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Retweets not endorsements. Really?!

Since I opened my Twitter account several years ago, but especially in the past year, I often saw the phrase “Retweets are not endorsements”. So why do people (and especially organizations) mention this in their Twitter profile?

Image representing Twitter as depicted in Crun...
Image via CrunchBase

I started looking at various explanations into social reach on Twitter and how a Tweet reaches people once is posted. Officially, all tweets (if not protected) are visible for everyone to see, but for example, if I post a Tweet, only the 690+ people who follow me would see it in their Twitter streams. So that is a pretty low reach. If someone retweets my original tweet (because they liked it), it would appear in their followers streams also, increasing my social reach exponentially. More about this can be found in this article HERE (via @gregpincus).

The Twitter API (explained from the guys from @HowStuffWorks) calculates your social reach by the amount of people who potentially read your tweet from the original post, retweets (and modified tweets), mentions, direct messages, favorites (through a very weird algorithm that I don`t understand, but I am sure that it is very well-developed).

So why do people and organizations still say that retweets are not endorsements, if a single retweet can actually increase your social reach by up to 7.5 times (according to this article by Nir Yariv via @ niryariv)?

Although the answer is not totally unexpected, it is surprising. With a plethora of social networks and tools at their grasp, people, but especially organizations don`t know on what to focus. And most of the times they mimic the behavior seen in others. There are thousands of social media trainers, coaches, consultants out there that will tell you that if you want to reach more people you MUST increase your network (and so lists, groups, website of “most connected” or “top followed” people have been created). But, unless if you are Justin Bieber, Lady Gaga, Barack Obama, Twitter or the CNN you will NOT make it to that list. These “influencers” have tens of millions of followers just because of who they are, not because of the quality of their content.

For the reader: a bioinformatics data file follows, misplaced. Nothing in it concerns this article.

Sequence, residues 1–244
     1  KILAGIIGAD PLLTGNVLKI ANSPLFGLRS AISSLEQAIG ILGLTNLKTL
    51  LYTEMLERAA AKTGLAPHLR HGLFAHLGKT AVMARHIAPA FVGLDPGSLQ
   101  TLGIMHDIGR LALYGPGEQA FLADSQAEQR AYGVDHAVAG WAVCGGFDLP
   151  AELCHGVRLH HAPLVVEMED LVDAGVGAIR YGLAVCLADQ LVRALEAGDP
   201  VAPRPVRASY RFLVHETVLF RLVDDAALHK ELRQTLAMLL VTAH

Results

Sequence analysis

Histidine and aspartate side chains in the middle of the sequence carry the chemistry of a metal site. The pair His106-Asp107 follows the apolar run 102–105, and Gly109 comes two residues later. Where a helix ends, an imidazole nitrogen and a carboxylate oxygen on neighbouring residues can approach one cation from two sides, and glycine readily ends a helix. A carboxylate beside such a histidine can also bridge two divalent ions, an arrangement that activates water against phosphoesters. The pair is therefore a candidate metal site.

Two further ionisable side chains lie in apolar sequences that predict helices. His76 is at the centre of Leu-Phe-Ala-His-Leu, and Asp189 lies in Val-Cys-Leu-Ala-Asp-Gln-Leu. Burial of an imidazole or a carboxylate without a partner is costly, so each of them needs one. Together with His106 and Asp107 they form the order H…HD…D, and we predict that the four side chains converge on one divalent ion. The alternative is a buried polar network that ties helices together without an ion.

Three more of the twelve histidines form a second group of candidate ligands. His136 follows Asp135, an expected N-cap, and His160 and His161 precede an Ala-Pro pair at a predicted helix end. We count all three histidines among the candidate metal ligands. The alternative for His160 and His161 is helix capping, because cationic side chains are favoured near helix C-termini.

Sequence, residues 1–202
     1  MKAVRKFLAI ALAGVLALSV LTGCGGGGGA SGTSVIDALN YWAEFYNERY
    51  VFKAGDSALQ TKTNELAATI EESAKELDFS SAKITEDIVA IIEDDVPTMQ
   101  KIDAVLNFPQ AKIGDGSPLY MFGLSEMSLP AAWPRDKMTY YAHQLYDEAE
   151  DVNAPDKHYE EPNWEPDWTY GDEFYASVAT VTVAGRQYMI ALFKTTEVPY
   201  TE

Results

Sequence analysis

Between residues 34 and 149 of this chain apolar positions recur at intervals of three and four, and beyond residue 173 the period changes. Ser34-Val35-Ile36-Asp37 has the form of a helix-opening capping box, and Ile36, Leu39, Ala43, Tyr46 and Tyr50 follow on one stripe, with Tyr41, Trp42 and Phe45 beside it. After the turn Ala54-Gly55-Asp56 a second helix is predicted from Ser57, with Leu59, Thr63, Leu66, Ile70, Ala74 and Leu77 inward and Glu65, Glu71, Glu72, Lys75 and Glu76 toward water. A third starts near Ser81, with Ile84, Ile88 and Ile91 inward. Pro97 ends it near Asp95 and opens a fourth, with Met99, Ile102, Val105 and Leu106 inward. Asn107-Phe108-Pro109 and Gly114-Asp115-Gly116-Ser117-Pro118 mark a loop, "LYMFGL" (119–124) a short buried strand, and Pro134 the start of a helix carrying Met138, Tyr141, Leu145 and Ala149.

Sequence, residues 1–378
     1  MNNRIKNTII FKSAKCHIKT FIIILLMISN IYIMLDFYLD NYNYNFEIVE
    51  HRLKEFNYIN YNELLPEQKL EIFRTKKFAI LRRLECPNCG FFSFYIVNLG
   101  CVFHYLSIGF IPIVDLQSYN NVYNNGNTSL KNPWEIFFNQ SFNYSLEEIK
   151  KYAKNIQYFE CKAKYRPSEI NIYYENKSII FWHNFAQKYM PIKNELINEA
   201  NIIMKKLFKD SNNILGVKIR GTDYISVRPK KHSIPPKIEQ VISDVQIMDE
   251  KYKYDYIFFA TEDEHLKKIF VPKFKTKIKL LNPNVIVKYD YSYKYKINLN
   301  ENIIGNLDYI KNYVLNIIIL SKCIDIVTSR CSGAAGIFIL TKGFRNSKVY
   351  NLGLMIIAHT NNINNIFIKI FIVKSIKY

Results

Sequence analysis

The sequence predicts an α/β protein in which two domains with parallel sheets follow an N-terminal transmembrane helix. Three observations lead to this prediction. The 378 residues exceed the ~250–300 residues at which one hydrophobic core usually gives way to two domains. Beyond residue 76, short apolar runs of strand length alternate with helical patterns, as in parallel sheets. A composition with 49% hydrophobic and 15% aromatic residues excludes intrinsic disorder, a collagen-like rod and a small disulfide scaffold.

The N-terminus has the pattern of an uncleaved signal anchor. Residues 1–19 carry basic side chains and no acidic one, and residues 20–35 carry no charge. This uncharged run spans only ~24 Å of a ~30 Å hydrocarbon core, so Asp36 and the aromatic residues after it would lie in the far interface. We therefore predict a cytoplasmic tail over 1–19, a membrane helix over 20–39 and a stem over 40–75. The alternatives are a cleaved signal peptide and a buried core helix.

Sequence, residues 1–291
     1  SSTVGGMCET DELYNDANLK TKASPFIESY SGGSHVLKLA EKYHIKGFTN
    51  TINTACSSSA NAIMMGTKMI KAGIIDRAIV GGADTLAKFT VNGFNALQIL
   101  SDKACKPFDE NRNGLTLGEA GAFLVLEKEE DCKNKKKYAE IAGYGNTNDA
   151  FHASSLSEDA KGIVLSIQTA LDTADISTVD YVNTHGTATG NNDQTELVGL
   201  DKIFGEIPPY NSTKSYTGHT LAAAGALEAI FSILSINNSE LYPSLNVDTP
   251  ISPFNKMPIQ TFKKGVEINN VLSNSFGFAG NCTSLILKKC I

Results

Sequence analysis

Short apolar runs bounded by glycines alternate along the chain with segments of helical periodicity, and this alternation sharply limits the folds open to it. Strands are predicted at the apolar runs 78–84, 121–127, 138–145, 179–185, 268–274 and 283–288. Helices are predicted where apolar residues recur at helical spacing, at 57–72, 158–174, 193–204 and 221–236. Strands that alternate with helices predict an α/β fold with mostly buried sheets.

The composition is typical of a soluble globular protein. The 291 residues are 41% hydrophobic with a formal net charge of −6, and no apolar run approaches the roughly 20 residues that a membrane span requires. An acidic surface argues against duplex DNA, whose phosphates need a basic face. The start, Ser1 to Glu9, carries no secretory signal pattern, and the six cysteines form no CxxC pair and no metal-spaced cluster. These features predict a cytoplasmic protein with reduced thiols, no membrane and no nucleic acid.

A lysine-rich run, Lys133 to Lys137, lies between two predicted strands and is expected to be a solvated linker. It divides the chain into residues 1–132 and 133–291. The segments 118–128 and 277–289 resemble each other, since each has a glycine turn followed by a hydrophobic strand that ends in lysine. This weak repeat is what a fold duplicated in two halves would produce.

As a common Twitter user that wants to grow or even a big company that wants to become an influencer, retweets ARE endorsements. People should focus on creating quality content, targeted at a certain type of audience and engage their followers as much as possible. After all, this is SOCIAL media. Here are a few more tips on how to increase your social reach from Spokal (via @getspokal).

4 thoughts on “Retweets not endorsements. Really?!

  1. Codrin, I agree that RTs are endorsements. But I think the missing catch is this – most of us RT without actually reading what we RT, which by nature means we share some crappy articles. Those of us that do this on a regular basis will find readers stop clicking on our links.

    So, unless you actually vouch for what you RT, you’ll see a slow and gradual decline of the engagement of your followers, which is dangerous. Moral of the story: RT’s are endorsements, so be sure what you endorse is what you want to endorse.

    p.s. Thanks for including us! (Think you might have missed the link?)


  2. Oops…it seems that I pushed the wrong button when I put in the Spokal hyperlink. I corrected it now :).

    @AlexandraSkey: You`re absolutely right. You have to vouch for what you retweet (mention, DM, favorite) the same way you do for what you actually tweet. That`s why I am saying that if someone wants bigger social reach they should be end-user oriented. Content quality beats…well, pretty much everything. If you have great quality content, you go viral.


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